Capillary Rise or Depression
Introduction: Let D be the diameter of the tube and β is the contact angle. The surface tension forces acting around the circumference of the tube = π × D × σ.
This is balanced by the fluid column of height, h, the specific weight of liquid being γ.
Equating, h × γ × A = π × D × σ Cos β, A = πD2/4 and so the vertical component of this force = π × D × σ × Cos β
h = (4π× D× σ× Cos β)/ (γπ D2) = (4 Cos)/ pgD
This equation provides the means for calculating the capillary rise or depression. The sign of Cos β depending on β > 90 or otherwise determines the capillary rise or depression.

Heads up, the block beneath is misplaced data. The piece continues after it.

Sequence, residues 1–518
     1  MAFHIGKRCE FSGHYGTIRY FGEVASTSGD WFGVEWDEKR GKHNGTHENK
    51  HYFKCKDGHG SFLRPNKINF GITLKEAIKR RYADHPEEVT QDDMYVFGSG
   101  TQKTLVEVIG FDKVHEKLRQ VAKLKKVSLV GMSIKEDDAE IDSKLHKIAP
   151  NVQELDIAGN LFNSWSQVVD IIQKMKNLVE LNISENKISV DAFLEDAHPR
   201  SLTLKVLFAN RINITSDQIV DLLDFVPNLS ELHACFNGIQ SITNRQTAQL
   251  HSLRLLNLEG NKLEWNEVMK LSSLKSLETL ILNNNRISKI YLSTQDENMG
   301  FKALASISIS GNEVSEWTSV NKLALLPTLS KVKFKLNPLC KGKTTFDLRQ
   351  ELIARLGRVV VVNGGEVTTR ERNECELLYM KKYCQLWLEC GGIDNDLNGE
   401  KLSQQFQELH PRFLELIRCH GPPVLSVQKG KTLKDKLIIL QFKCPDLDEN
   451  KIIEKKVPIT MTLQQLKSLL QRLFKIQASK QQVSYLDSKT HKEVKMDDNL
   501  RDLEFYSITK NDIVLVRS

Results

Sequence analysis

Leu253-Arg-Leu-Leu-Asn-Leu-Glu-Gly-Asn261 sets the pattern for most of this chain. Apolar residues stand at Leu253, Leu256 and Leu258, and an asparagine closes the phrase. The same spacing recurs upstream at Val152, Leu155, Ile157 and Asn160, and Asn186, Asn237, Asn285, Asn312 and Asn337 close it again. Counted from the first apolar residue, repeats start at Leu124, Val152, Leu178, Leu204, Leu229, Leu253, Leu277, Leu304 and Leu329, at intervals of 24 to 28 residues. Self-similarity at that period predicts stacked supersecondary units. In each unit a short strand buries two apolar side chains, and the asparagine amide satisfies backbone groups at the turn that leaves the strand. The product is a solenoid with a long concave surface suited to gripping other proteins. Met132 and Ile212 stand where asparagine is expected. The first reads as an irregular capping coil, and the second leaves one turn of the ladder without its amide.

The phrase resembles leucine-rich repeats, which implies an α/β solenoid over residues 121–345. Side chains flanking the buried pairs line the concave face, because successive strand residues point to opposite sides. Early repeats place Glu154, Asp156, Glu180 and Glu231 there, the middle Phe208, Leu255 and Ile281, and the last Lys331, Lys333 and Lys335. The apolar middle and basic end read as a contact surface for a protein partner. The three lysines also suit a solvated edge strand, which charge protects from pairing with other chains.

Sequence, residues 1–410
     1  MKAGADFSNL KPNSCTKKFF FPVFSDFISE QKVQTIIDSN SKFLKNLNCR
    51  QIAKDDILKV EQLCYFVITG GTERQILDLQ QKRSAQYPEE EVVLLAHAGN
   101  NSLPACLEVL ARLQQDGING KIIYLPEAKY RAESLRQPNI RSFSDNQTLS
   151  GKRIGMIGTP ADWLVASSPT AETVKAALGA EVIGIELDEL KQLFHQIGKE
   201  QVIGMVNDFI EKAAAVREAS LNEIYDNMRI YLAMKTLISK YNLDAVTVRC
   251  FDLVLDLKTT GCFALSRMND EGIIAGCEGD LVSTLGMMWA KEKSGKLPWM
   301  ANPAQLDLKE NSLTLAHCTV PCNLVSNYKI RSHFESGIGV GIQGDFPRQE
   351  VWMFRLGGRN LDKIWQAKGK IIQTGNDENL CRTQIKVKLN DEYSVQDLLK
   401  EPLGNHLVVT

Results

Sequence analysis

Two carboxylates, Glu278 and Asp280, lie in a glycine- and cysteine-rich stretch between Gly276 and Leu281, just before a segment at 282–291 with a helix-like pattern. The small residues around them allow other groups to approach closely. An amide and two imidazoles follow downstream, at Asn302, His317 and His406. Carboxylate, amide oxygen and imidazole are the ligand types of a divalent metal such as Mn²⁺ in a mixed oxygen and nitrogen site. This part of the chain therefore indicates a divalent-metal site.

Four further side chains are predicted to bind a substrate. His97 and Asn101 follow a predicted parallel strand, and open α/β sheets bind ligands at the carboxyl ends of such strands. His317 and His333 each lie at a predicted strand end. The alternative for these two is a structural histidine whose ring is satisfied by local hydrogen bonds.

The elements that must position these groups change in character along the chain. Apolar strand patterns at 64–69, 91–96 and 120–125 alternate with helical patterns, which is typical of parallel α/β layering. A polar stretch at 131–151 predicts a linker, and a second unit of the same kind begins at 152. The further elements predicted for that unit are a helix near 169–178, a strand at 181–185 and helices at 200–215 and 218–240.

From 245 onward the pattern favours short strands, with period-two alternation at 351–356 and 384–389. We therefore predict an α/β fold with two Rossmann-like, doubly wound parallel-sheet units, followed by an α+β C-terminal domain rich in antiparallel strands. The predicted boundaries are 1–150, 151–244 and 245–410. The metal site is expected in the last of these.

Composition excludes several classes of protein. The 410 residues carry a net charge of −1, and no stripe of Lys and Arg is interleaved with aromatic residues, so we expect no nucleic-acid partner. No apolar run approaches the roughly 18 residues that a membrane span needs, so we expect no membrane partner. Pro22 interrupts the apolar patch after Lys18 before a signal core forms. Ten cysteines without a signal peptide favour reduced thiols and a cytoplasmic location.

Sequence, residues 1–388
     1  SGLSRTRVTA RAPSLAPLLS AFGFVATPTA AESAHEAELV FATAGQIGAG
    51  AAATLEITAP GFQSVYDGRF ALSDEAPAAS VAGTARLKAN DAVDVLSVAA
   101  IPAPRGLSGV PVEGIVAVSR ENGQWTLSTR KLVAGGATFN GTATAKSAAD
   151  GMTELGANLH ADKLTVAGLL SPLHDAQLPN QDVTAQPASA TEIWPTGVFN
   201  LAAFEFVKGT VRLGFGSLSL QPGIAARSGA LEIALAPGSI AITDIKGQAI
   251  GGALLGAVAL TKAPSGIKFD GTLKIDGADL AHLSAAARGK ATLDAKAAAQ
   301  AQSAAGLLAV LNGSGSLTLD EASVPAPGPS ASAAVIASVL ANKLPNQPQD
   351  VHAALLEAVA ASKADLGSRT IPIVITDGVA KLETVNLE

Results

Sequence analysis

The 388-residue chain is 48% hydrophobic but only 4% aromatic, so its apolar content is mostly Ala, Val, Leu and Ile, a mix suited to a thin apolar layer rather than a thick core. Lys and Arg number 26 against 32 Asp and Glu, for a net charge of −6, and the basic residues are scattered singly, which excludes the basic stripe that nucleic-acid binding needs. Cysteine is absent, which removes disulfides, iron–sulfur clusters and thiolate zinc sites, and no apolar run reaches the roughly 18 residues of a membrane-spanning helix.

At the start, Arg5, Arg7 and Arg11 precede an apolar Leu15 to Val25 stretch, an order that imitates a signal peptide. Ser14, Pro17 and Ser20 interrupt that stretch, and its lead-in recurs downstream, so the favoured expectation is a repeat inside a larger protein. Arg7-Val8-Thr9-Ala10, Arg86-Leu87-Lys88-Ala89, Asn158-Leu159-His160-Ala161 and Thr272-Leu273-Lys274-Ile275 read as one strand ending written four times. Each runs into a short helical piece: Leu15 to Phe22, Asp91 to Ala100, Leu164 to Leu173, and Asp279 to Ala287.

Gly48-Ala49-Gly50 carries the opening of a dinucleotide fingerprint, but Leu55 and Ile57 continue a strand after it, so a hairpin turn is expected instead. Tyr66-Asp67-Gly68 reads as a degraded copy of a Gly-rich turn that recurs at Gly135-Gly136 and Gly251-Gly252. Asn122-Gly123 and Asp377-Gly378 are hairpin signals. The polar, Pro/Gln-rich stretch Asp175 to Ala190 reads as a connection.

Example: Determine the capillary depression of mercury in a 2 mm ID glass tube. Assume
σ = 0.5 N/m and β = 130°.
Specific weight of mercury, γ = 13600 × 9.81 N/m3
Using eqn. h = (4 σ × Cosβ)/ρg/D = (4 × 0.5 × cos130)/ (13600 × 9.81 × 0.002) = – 4.82 × 10–3 m
= – 4.82 mm Ans.